da Veni, da Vidi, da Vinci — da Verses

One of the Four Colors al Fresco scenarios that I’ve run a number of times is “da Veni, da Vidi, da Vinci”, or “I came, I saw, I conquered [Leonardo] da Vinci” (loosely translated). This scenario features The Daring daVincis, a bona fide superhero team (a rarity in the world of Italia). They are all artist friends of da Vinci’s that he has recruited, granting them superpowers with his phenomenal scientific and naturalist knowledge, so that they can Fight Crime!.

Their superhero, or “Omega”, identities are based on insects that da Vinci studied, granting them powers related to their artistic talent. Cricket is a master thespian, whose suit enables him to manipulate sound. But that’s not really important. What is important is that he always speaks in rhyme. Well, for convention games, we don’t really expect someone to actually speak in rhyme for the whole game—the character may, but that doesn’t mean the player has to. I provide a rhyming dictionary, should someone desire, but, really, I just expect a player to get into the spirit and do what they can: interject a few rhymes, or focus on alliteration, or give an iambic lilt to their speech most of the time. A couple players have managed to speak in iambic pentameter for the whole game, and a very few have, in fact, stuck to rhyming for the whole game. Unfortunately, this tends to cut down on their verbal participation, and thus their overall participation, and I’d much rather someone drop the poeticism altogether than be left out of the game.

But it’s great when someone really pulls it off—not a lot of people can essentially spontaneously compose verse, blank or otherwise, outside of professional hip-hop/rap artists. A few years back, someone really went above and beyond, however. He didn’t speak much during the game—though when he did, it was mostly rhyming. But what he did do was make a record of the game. He composed a poem in rhyming couplets, chronicling the course of the story, in real time while we were playing, and while still participating in the game. The result is a fun poem–mostly iambic, with only a couple forced rhymes. I’m amazed, at any rate. I meant to do this ages ago, but I’ve finally transcribed his poem, so here it is for all to read:

It started in Florence,
when Leo went missing.
The students were bound,
and the gardner kissing

the ground in the courtyard,
knocked senseless, near dead.
A woman, a wine rack,
some rope, but no head.

The following queries
revealed that the crime
was caused by a hero
of a previous time:

Bombardier Beetle,
a ‘Vinci at first,
thrown out of the group
for a malicious outburst,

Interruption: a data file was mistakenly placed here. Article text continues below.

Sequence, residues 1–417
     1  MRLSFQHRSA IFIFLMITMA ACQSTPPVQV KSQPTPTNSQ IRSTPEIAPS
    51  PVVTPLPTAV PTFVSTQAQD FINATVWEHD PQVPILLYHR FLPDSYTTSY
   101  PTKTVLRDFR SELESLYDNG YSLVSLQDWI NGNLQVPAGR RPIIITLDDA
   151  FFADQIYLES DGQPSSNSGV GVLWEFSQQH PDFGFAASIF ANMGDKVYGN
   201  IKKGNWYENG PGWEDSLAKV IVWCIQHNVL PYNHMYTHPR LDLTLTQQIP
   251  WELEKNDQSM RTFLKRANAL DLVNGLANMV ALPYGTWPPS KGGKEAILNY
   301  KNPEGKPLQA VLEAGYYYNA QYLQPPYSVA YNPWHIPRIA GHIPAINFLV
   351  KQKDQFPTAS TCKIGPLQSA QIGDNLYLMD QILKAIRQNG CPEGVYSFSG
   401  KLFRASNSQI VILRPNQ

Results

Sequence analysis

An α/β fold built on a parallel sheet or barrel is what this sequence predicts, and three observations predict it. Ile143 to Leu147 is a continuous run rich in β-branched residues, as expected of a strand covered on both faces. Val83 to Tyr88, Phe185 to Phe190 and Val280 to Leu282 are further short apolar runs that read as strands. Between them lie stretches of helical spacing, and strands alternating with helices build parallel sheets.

broke into the house
and went up the stairs,
came down as a mantis,
and left with some wares.

The daVincis arrived,
found footprints in wine,
some chitinous shards,
and a link to a mine.

At nightfall the group
trekked out to the quarry,
in hopes that their actions
would speed up the story.

The trek was a waste,
as no facts were found—
just some books and some ledgers
and run-ins with hounds.

When it appeared that
our heroes were stumped,
Moth discovered a clue
that made them all pumped.

Thousands of rocks
were shipped to a place
that seemed real suspicious,
in this particular case.

Then out of the shadows,
came a group of bad men
clad in stone armor,
with evil intent.

Many were blinded
by Pillbug’s quick thinking,
while more were distracted
by Firefly’s blinking.

A ploy with a rope failed
to capture the foe,
but the lasso’s momentum
pushed them into the hole

The rest was quite easy.
The battle was done.
The hired mooks had fled
and the heroes had won.

Then out of the trees
came a shadowy man—
a mantis-like creature
with a sinister plan.

Then came a scorpion
to join in the fray.
He vowed that the Pillbug
was going to pay.

Confusion abounded
and mêlée ensued.
The heroes united
to fight the evil brood.

While the fighting continued,
the Moth was inside
seeking to find
what the men tried to hide.

The guards by the door
started to bicker.
The Moth took advantage
and started to pilfer.

One guard killed the other
—he won the debate.
The Moth then distracted
the surviving mate.

She unlocked the door
and opened to reveal
da Vinci was inside
—with joy he did squeal.

Outside in the mêlée,
the tables had turned.
The Mantis was fleeing;
the Scorpion had been burned.

Victory was achieved,
the villains were foiled.
But alas poor Pillbug
was heavily poisoned.

Lucky for Pillbug,
da Vinci was sure
that he knew of a serum
that would be the cure.


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